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Regarding pronouns, normally we speak some sentence including direct and indirect objects such as

Mohan servicing a vehicle by screwdriver. It is very costly

So now the "it is costly" refer to which? To vehicle or to screwdriver? I guess that it refer to vehicle because by screwdriver is a prepositional pharse.

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    Can you re-phrase the question? It is impossible to deduce anything from your context. – Varun Nair Nov 1 '16 at 9:06
  • Please use single ' or double " quotation marks instead of bullets ●. – Em. Nov 1 '16 at 10:16
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In this case, "it is very costly" refers to the service being done on the vehicle.

I would write the original sentence as "Mohan is servicing a vehicle by screwdriver" or "Mohan is servicing a vehicle with a screwdriver", so you must look at the action of the sentence as the "it".

The word costly generally refers to an action that is being taken. In "Mohan is buying a vehicle. It is very costly", costly refers to the action of buying the vehicle. However, if the action of buying the vehicle was not the focus of the sentence, the vehicle itself would be described as expensive, rather than costly. The same goes for the screwdriver, because it is also an object not an action: "Mohan is servicing an expensive vehicle by screwdriver".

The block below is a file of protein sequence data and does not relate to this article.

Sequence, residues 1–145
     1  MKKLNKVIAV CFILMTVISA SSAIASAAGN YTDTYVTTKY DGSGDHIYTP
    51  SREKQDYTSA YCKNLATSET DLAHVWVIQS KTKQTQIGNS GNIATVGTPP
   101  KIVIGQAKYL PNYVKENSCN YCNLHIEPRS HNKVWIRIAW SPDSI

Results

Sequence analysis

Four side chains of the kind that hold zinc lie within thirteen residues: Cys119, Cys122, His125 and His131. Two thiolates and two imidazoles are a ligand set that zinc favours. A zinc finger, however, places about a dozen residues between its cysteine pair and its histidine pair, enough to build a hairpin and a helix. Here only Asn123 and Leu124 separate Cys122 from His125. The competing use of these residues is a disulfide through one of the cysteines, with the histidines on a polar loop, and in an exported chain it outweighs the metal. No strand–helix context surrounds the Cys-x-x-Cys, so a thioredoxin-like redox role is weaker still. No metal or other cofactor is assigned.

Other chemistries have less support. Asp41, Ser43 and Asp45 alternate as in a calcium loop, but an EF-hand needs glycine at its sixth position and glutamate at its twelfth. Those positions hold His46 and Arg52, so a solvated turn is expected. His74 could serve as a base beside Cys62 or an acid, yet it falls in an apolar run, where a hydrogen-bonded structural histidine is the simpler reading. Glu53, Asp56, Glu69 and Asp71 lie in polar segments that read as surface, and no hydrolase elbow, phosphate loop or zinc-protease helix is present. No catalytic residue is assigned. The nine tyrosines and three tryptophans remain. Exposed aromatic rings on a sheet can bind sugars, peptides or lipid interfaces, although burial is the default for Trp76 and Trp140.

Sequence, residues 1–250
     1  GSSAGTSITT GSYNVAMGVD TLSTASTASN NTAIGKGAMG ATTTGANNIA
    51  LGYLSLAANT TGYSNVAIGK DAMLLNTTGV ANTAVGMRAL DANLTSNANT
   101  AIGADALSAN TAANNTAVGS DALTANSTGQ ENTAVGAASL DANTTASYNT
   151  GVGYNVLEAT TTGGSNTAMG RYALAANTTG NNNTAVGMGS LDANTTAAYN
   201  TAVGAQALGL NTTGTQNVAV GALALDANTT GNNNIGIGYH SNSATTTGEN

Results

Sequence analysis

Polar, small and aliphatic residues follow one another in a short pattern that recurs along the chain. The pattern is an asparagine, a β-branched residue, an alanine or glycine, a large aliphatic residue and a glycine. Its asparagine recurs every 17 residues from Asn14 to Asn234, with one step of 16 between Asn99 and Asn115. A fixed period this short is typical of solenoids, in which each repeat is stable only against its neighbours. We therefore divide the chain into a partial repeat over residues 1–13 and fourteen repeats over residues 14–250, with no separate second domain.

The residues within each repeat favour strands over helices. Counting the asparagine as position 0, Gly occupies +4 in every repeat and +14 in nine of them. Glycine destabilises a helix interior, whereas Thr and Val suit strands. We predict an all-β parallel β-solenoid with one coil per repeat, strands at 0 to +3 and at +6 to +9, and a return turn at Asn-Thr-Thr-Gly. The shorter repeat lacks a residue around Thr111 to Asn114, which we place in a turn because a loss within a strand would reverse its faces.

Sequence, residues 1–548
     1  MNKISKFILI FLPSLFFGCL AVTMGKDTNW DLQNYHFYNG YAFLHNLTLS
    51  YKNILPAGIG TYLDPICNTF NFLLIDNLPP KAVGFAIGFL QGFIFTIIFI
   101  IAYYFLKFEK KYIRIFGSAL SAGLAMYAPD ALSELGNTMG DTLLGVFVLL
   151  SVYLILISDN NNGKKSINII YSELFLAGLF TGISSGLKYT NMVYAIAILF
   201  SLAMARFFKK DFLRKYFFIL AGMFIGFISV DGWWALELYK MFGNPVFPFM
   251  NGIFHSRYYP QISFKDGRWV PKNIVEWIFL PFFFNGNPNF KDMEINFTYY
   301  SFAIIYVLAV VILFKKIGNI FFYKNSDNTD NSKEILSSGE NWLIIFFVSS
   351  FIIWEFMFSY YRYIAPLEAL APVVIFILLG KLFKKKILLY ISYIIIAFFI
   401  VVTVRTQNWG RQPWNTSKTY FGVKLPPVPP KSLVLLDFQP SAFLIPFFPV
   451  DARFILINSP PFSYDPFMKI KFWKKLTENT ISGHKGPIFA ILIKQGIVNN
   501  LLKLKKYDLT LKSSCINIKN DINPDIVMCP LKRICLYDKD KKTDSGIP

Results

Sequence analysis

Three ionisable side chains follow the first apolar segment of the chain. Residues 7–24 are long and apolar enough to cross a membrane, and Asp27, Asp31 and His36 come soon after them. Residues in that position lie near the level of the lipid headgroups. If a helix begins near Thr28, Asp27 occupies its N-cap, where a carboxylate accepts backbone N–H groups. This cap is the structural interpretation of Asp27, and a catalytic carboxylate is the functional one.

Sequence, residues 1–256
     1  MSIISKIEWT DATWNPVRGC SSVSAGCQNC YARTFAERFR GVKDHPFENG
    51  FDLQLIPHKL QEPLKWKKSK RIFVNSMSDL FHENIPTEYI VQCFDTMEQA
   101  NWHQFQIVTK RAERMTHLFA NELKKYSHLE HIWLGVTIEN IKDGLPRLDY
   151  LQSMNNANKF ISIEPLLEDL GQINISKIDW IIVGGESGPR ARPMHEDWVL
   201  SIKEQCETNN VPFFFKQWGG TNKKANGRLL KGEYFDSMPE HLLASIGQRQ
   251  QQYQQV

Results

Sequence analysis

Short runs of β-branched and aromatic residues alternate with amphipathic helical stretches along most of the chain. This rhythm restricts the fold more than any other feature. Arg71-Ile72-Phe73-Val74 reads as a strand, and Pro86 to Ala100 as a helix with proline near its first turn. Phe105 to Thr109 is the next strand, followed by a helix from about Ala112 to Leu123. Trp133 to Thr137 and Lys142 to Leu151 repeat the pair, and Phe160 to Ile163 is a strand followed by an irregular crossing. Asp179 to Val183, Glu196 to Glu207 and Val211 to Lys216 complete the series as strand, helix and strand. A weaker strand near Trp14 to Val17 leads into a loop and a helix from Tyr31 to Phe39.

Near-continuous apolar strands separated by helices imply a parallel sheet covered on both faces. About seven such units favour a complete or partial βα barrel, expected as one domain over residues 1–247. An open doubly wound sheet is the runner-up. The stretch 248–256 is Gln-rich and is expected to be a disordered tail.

• Ok but what is grammatically rules of pronoun in case there are two objects. – Meraj hussain Nov 1 '16 at 12:52
  • You misunderstood Meg's point, @Merajhussain. This "it" refers to the entire earlier clause -- everything that belongs to the verb phrase "is servicing", the fact that it is a service and that Mohan performs the service and that the implement is a (or at least one) screwdriver. Changing any of those things could change the cost. Often, a pronoun refers to one word, but a pronoun can also refer to a phrase, a clause, a sentence, a paragraph, a book, or a global idea. – Gary Botnovcan Nov 2 '16 at 2:19

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